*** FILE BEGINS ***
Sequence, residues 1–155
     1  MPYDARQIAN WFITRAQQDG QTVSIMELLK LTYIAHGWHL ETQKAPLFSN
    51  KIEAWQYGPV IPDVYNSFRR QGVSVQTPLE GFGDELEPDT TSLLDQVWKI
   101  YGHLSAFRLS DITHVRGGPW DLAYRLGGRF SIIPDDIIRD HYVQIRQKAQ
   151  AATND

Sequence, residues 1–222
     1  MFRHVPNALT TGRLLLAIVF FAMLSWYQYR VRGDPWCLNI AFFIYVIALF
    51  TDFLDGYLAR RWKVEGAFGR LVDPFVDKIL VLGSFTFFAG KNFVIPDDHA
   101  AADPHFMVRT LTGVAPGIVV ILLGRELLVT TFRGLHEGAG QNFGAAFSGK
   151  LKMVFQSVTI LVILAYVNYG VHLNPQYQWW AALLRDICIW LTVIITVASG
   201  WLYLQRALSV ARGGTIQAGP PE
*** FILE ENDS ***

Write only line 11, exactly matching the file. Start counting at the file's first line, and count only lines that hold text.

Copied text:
   201  WLYLQRALSV ARGGTIQAGP PE